News/Pubs/Events

House Passes Families First Coronavirus Response Act

An updated article was published March 19, 2020. View the updated article. The below article was written with information available on March 16, 2020.

On March 14, 2020, the U.S. House of Representatives passed a largely bipartisan bill (vote of 364-40) in response to the coronavirus disease 2019 (“COVID-19”) pandemic. Among other broad-sweeping provisions, the “Family First Coronavirus Response Act” impacts business owners and employers by making emergency changes to the Family Medical Leave Act (“FMLA”), including mandatory emergency paid leave under certain circumstances, and by creating the Emergency Paid Sick Leave Act as a standalone provision.

The following summary provides a snapshot of relevant employment-related provisions in the House Bill. This Bill is before the Senate now and may be signed into law by the President in the coming days.

I. Emergency Family and Medical Leave Expansion Act

In what is being called the Emergency Family and Medical Leave Expansion Act, this section of the House Bill would temporarily expand amended provisions of the FMLA until December 31, 2020. This expansion would make several noteworthy alterations to the familiar FMLA scheme, broadly captured below:

Changes Employers Covered

The Emergency Family and Medical Leave Act would apply the FMLA and the altered aspects of the FMLA to employers who employ “fewer than 500 employees” for each working day during each of 20 or more calendar workweeks in the current or preceding calendar year.

Changes Eligible Employees

For such employers, the Emergency Family and Medical Leave Expansion Act would:

  • change the definition of “eligible employee” to apply to anyone employed at least 30 days by the employer of whom leave is being requested;
  • expand the definition of “family member” to include a parent, spouse, son or daughter under 18, or a pregnant individual, senior citizen, or individual with a disability who is a son, daughter, grandparent, grandchild, or next of kin to the employee,
    • expanding “parent” to include biological, foster, adoptive parent of the employee, a stepparent, parent-in-law, or parent of a domestic partner of an employee, or a legal guardian or other person who stood in loco parentis to an employee when the employee was a child.

Expands Medical Care and Covered Events

 For such employers, the Emergency Family and Medical Leave Expansion Act would:

  • define “qualifying need related to a public health emergency” as having a need for leave:
    • to comply with a recommendation or order by a public official having jurisdiction or a health care provider because
      • the employee’s physical presence would jeopardize the health of others because of exposure of the employee to COVID-19 or the employee is exhibiting COVID-19 symptoms, or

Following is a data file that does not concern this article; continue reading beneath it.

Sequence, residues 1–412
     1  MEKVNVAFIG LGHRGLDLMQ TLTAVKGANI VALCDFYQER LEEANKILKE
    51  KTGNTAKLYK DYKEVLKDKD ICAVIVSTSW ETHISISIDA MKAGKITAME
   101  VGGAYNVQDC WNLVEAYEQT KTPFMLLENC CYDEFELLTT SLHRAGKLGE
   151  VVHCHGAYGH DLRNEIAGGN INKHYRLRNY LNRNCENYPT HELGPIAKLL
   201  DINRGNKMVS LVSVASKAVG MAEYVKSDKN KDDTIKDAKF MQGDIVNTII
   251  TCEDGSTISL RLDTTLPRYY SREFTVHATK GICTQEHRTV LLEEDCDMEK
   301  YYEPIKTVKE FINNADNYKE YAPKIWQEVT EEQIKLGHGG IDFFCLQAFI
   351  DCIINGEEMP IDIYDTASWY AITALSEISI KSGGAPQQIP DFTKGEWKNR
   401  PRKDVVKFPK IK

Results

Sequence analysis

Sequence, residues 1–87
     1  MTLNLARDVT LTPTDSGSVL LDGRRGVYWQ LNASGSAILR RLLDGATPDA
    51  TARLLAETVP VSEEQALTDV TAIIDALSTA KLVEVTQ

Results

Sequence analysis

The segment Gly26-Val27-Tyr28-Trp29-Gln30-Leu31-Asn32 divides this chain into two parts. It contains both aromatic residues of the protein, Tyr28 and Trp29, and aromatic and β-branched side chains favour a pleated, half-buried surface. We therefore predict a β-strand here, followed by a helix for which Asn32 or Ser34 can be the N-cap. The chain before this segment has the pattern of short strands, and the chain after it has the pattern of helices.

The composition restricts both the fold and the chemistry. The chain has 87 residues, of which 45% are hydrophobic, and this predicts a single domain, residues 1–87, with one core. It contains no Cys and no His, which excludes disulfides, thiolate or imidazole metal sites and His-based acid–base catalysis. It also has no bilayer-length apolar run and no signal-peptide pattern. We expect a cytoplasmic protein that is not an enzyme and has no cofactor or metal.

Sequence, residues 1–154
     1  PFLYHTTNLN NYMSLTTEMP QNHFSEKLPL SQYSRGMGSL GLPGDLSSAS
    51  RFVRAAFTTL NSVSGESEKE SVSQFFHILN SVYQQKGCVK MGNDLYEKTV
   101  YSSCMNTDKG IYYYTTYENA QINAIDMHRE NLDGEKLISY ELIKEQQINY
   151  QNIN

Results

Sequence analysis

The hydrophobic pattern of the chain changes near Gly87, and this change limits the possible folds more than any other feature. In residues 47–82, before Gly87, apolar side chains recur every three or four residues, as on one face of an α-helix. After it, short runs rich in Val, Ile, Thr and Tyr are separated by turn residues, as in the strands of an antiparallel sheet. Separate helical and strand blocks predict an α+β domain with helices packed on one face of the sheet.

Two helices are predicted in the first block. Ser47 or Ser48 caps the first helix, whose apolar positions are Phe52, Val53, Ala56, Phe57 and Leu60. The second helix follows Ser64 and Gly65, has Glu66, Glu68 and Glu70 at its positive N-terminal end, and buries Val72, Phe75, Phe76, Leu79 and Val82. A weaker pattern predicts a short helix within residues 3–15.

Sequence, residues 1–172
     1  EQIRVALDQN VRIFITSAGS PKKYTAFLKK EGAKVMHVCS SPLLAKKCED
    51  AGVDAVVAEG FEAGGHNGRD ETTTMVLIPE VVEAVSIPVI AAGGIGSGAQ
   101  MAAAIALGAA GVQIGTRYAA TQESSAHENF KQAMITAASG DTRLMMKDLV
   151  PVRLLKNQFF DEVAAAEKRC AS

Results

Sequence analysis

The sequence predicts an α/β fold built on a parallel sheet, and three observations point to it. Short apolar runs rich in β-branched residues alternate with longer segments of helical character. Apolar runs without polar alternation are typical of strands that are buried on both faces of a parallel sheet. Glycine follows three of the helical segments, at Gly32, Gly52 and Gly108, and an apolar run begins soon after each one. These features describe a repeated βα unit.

• the employee is unable to perform functions of the job and comply with such recommendation or order,
    • to care for a family member recommended or ordered into quarantine under the same standards, or
    • to care for a son or daughter under 18 if the school or place of care has been closed or the child care provider is unavailable due to COVID-19,
      • for this particular subsection, if the necessity for leave is foreseeable, an employee shall provide the employer with such notice of leave as is practicable.

Makes Leave Paid and Unpaid

For such employers, the Emergency Family and Medical Leave Expansion Act would:

  • allow the first 14 days of leave applicable under this expansion to be unpaid
    • however, an employee may elect to substitute any accrued paid leave for the unpaid leave provided in this expansion (an employer may NOT require an employee to make this substitution);
  • require an employer to pay for each day of leave beyond the initial 14 days
    • the amount of this required pay may not be less than two-thirds of the employee’s regular rate of pay under the FLSA, and
    • the number of hours for this required pay must be in accordance with what would otherwise be normally scheduled for the employee,
      • if schedule variations make an employer unable to determine a normal number of hours for an employee, the employer shall:
        • use an average number per day over the prior six months of employment, or
        • use the reasonable expectation of the employee at the time of hiring of the average number of hours per day if the employee has not yet worked for six months.

Exempts Some Employers from Requirement to Return Employees to Same Position

For such employers, the Emergency Family and Medical Leave Expansion Act would:

  • NOT require employers with fewer than 25 employees to return an employee to their same position of employment after taking leave hereunder, if:
    • the position no longer exists due to economic conditions or operational changes caused by the COVID-19 emergency,
    • the employer makes reasonable efforts to restore the employee to an equivalent position (benefits, pay, and other terms), and
    • the employer makes reasonable efforts to contact the employee if such equivalent positions become available within 1-year from the earlier of the date when the qualifying need concludes or the date that is 12 weeks after the date on which the employee’s leave commences.

Exempts Certain Employers from Employee-Filed Civil Litigation

Finally, for such employers, the Emergency Family and Medical Leave Expansion Act would:

  • Exempt certain employers (see below) from civil actions brought by employees for a violation of the Emergency Family and Medical Leave Expansion Act:
    • Exemptions are only extended to employers that do NOT satisfy the traditional definition provided by the FMLA (50 or more employees working each day in 20 or more calendar weeks in the current or preceding calendar year) but who are swept up into the new proposed legislation.

II. Emergency Paid Sick Leave Act

In what is being called the Emergency Paid Sick Leave Act, this section of the House Bill would last until December 31, 2020. It defines employers as, and therefore applies to: